The GMS too has failed in addressing some of the critical trans-boundary natural resources and environmental issues faced by the sub-region. Most of the development schemes and project activities that have been implemented by the GMS have not resulted in any significant impact at the key levels of policymaking.

A more efficient and effective cooperation among the GMS Economic Cooperation Program and the MRC is needed. The MRC needs to better apply itself in gathering information for more effectively guided investment and resource management at individual country levels, and make the information accessible to governments, universities, NGOs and other public undertakings. The GMS countries should meanwhile coordinate and continue with its present reforms, but it is also important to open up the economies by overcoming domestic resistance and cooperation with ASEAN. Greater dialogue among governments, regional institutions, civil society and the private sector is necessary to meet these challenges.

ASEAN, the World Bank, UNESCAP and UNDP, having a broader mandate throughout East Asia, can provide a great boost to the MRC by providing cooperation, improving understanding across countries, and providing opportunities for formal and informal dialogue. MRC’s existing cooperation under frameworks such as Mekong‐Japan, Mekong‐Ganga Cooperation, Lowe Mekong-China, Lower Mekong‐USA, and ASEAN-Mekong River Basin Development Cooperation (AMBDC) need to be reviewed. With the economic growth of China, India, US and Japan, development of the economic corridors with these countries along with integrated river basin management and basin-wide cooperation will not only improve infrastructure, promote trade and investment, promote access to sea ports and enhance economic growth, but also minimize cross-border barriers.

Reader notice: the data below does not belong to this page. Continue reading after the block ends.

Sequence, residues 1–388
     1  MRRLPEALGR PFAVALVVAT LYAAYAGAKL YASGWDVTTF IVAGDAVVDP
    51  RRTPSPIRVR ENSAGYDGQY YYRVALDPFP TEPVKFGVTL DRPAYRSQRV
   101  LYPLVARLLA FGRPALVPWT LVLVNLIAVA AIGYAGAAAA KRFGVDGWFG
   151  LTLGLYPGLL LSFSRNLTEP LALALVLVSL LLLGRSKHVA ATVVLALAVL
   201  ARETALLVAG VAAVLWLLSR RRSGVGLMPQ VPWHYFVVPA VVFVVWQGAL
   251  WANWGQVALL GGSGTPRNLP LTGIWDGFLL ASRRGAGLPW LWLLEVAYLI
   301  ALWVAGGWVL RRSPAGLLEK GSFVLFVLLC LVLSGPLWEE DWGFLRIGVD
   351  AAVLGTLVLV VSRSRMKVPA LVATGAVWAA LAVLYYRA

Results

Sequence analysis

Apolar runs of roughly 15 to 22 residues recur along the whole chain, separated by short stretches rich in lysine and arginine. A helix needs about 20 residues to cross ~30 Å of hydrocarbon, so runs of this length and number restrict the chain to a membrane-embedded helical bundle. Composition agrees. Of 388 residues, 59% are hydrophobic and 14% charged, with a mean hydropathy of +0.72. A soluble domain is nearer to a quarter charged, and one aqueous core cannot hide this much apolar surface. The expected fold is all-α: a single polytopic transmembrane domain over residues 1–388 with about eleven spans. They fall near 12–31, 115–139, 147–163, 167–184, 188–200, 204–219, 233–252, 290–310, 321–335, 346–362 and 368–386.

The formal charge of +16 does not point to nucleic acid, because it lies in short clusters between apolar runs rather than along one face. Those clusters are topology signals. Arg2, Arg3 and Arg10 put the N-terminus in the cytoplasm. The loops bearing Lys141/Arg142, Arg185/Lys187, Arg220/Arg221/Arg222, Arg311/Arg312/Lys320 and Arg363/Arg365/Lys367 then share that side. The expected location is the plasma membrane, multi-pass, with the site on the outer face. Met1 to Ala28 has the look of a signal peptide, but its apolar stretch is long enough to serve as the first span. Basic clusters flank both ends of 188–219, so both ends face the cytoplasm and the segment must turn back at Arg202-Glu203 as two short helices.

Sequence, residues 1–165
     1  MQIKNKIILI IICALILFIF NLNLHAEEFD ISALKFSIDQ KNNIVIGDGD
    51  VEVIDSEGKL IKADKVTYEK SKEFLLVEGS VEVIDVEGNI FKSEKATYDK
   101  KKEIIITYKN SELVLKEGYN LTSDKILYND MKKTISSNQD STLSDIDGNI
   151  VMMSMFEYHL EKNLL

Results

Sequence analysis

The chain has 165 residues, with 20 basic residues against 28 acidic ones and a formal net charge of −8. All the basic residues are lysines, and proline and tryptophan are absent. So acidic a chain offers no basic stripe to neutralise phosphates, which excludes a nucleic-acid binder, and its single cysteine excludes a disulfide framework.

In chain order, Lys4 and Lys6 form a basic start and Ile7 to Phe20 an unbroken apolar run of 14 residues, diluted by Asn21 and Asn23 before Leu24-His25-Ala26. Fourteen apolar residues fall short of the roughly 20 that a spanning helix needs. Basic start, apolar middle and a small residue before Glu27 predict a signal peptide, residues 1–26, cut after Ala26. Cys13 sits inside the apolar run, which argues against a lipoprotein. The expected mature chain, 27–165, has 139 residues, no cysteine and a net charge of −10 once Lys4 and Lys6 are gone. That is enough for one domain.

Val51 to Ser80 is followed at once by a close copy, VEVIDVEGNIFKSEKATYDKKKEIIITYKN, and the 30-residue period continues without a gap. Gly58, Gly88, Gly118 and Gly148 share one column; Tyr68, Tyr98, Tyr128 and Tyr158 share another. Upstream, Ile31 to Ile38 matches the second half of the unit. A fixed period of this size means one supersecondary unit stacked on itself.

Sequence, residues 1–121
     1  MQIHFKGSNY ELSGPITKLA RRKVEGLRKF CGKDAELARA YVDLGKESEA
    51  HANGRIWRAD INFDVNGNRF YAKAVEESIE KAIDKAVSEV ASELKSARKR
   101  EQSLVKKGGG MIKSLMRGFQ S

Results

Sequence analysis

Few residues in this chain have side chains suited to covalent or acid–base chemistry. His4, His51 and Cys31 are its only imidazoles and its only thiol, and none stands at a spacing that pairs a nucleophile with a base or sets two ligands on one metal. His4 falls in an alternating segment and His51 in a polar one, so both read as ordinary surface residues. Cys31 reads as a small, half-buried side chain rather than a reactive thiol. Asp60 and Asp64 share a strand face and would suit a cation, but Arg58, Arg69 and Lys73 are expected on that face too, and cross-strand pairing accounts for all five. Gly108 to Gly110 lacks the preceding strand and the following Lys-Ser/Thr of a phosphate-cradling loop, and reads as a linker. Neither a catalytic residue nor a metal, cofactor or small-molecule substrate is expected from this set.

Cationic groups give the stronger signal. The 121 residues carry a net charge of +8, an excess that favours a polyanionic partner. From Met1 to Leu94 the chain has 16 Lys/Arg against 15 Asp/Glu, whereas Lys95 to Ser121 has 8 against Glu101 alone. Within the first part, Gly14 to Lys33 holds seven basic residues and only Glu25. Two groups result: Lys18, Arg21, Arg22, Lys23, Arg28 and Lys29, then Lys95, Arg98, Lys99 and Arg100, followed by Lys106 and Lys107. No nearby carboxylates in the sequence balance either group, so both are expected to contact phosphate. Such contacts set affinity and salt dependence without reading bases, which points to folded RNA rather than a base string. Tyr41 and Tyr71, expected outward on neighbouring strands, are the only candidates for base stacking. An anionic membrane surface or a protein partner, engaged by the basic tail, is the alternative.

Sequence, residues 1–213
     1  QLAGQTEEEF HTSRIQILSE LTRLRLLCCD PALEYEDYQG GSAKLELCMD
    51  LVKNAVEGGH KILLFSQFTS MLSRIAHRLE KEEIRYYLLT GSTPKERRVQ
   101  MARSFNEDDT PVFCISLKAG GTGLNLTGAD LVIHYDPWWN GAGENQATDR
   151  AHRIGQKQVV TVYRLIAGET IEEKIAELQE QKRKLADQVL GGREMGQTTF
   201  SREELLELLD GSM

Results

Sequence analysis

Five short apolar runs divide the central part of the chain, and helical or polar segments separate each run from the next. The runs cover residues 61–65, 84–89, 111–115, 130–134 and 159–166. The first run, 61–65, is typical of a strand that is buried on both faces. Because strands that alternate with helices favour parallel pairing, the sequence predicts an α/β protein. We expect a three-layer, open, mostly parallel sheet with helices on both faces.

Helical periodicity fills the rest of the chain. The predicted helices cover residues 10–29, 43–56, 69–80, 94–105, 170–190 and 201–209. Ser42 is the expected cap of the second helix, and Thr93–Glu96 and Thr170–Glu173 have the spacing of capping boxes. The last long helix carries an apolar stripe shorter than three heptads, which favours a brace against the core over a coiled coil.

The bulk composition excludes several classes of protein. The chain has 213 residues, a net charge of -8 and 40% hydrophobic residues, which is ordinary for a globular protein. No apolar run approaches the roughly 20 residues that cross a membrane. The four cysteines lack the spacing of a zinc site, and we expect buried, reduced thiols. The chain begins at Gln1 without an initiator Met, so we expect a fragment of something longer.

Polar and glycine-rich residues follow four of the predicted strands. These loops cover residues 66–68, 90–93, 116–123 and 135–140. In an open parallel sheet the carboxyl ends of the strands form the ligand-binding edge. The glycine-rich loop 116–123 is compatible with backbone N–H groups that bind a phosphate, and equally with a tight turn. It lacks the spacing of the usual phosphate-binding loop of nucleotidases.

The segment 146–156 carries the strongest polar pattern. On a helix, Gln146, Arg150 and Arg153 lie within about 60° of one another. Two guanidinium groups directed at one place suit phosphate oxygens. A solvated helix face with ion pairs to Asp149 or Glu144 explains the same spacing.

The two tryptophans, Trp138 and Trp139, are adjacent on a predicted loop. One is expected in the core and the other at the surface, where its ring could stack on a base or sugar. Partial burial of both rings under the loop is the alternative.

The next five years will be the most challenging and critical for the Mekong river basin as there will be extensive pressure for water development proposals on the mainstream and tributaries of the Mekong. On 26 January 2011 a new strategy was approved by the MRC in its 17th Council meeting that defines a basin development planning and regional cooperation for sustainable development of water resources. Since the signing of the 1995 Mekong agreement on sustainable development of the basin, it is for the first time the MRC has developed a shared understanding. However, the success of these strategies under an uncoordinated regional forum remains in doubt. Regional organizations should ensure more stable and sustained funding for their water management programs and develop a farsighted vision and strategy to bring tangible benefits to member countries.

Panchali Saikia
Research Officer
email:[email protected]

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IPCS

IPCS (Institute for Peace and Conflict Studies) conducts independent research on conventional and non-conventional security issues in the region and shares its findings with policy makers and the public. It provides a forum for discussion with the strategic community on strategic issues and strives to explore alternatives. Moreover, it works towards building capacity among young scholars for greater refinement of their analyses of South Asian security.